Early data from large employers that were among the first to auto-enrol all eligible employees into a workplace pension scheme indicates that opt-out rates have been lower than expected.
Before the auto-enrolment roll-out began last October, it was predicted employers could expect opt-out rates of 20% to 30%.
But McDonald’s Restaurants, for example, has seen only 2.4% of its hourly-paid employees and 2.7% of its salaried staff that were auto-enrolled on 1 January 2013 opt out.
The fast-food retailer has 37,000 directly-employed staff in the UK. Of these, 35,000 are hourly-paid and 2,000 are salaried. Among its salaried workers, 900 were already members of its stakeholder defined contribution (DC) scheme. A further 1,100 salaried staff were auto-enrolled into this plan and more than 9,589 hourly-paid employees were auto-enrolled into the National Employment Savings Trust (Nest).
Meanwhile, insurer Aviva has seen 127 of the 332 staff that were auto-enrolled on 1 February opt out. Some 17,542 (99%) of its staff already belonged to a DC trust-based plan.
Rob Thomas, an associate in the employee benefits division of Barnett Waddingham, said: “Larger organisations that have gone through staging have put a lot of work into communicating auto-enrolment and have had very well-structured schemes,” he said. “However, it is possible that when we get to stages two and three of auto-enrolment, there will be high opt-out rates.”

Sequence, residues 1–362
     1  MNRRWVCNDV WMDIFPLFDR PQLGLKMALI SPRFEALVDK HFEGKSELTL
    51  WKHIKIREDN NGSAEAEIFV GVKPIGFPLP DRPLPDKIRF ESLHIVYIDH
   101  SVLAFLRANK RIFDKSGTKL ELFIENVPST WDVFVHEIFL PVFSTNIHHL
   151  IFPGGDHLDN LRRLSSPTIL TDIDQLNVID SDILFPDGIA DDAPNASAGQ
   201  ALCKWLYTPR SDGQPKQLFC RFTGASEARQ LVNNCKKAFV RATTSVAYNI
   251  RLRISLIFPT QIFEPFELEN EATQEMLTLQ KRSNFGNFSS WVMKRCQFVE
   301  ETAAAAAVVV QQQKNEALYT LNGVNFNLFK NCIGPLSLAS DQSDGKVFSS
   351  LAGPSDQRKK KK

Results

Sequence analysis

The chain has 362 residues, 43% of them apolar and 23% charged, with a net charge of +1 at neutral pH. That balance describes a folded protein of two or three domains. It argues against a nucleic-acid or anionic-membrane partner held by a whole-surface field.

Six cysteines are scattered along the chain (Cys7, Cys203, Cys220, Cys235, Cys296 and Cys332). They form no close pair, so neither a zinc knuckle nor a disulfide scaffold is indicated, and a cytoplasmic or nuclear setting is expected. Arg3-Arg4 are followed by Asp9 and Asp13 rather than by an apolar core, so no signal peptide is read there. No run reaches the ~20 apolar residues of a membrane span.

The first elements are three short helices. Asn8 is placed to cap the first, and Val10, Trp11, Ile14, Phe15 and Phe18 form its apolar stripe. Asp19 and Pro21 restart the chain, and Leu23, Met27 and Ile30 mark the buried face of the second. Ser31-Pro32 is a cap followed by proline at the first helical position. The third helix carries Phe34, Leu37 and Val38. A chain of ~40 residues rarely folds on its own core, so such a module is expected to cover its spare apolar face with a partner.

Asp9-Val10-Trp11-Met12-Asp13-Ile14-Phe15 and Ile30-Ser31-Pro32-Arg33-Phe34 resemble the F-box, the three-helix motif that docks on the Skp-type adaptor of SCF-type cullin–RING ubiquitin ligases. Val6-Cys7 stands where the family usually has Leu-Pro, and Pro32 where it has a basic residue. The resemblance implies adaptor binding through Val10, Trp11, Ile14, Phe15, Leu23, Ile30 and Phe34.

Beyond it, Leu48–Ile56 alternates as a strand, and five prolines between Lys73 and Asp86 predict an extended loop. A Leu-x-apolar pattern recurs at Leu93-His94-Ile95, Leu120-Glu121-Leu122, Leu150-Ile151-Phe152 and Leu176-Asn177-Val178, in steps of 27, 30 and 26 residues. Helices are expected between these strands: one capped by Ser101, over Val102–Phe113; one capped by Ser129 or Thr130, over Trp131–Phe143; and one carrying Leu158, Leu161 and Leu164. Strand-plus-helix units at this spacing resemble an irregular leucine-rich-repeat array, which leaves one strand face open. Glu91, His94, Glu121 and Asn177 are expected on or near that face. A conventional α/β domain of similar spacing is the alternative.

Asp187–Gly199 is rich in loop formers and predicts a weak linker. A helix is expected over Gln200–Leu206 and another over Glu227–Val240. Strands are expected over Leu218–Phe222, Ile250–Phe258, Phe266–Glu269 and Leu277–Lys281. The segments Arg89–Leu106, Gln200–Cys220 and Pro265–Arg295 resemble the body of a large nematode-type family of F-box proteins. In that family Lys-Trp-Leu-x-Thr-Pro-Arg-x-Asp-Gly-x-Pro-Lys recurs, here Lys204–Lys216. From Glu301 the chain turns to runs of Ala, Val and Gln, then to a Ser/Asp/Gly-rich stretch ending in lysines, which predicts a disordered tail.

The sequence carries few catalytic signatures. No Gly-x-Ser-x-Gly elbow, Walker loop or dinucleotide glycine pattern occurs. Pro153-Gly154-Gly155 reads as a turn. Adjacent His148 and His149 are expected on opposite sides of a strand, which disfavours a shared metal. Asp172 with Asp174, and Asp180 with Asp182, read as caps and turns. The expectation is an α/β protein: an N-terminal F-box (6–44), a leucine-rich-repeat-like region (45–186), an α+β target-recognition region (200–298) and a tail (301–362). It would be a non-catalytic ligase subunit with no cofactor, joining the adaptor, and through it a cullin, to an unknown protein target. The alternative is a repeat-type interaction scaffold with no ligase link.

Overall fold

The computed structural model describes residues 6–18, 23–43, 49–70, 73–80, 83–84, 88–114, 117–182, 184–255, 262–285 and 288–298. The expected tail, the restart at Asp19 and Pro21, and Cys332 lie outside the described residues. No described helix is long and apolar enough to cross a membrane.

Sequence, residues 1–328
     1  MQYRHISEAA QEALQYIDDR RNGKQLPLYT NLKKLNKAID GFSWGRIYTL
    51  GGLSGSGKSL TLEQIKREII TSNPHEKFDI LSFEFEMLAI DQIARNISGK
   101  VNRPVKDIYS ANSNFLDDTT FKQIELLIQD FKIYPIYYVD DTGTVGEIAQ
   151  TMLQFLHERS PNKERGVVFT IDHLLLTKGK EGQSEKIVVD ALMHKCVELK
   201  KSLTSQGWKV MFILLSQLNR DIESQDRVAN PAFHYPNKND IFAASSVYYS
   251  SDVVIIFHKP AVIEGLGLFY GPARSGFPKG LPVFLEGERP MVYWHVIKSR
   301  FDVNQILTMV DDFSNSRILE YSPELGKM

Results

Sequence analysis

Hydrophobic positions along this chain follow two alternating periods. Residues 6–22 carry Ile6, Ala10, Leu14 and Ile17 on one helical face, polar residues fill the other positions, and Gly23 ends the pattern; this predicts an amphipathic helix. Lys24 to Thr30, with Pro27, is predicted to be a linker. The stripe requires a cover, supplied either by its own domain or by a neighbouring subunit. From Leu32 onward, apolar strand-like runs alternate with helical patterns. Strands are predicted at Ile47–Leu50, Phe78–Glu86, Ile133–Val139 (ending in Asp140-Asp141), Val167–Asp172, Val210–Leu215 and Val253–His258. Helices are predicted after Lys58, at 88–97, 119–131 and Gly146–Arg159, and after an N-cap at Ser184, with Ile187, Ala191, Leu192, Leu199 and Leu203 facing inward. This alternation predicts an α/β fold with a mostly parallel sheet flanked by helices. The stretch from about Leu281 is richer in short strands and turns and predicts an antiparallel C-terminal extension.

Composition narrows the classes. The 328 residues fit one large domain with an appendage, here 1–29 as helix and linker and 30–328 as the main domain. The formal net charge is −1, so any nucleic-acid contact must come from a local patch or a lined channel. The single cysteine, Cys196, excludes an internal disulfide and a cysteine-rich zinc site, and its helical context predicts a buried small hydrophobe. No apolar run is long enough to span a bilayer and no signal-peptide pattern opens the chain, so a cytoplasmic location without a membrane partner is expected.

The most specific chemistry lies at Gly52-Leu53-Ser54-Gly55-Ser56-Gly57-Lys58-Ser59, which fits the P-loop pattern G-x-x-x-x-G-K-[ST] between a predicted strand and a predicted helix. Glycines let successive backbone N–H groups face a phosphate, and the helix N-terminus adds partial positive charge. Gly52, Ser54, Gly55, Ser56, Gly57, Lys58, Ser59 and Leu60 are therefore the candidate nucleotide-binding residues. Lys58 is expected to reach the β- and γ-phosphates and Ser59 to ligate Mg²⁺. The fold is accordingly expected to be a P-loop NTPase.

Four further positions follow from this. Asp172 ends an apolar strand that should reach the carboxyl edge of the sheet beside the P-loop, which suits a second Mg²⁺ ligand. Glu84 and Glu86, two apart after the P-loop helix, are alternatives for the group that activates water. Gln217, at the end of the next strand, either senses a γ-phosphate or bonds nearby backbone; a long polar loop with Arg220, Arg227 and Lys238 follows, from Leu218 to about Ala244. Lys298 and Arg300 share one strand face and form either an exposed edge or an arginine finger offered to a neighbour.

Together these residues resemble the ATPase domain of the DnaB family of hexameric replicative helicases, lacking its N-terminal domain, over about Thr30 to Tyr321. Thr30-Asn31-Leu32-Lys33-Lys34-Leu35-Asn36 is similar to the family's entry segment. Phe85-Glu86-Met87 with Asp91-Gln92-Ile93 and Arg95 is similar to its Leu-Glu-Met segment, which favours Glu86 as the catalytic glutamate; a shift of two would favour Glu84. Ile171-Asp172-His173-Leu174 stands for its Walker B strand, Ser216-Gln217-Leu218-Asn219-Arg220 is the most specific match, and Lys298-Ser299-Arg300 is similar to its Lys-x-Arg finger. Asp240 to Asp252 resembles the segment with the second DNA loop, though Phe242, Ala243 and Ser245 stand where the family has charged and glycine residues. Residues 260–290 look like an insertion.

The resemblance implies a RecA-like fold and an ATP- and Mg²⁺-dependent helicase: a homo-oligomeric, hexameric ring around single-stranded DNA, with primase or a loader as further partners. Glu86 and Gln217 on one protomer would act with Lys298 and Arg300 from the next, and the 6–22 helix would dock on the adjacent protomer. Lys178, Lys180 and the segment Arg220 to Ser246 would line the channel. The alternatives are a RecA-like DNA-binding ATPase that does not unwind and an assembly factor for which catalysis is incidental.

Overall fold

But not all employers have seen low opt-out rates. John Taylor, managing director of Nest’s customer and proposition team, said: “In general, our opt-out rates are below 10%, but some employers that are using Nest have high opt-out rates.
“When employees go through the quick opt-out process, they come across information explaining that employers are in it for the long run and that gives them pause for thought.”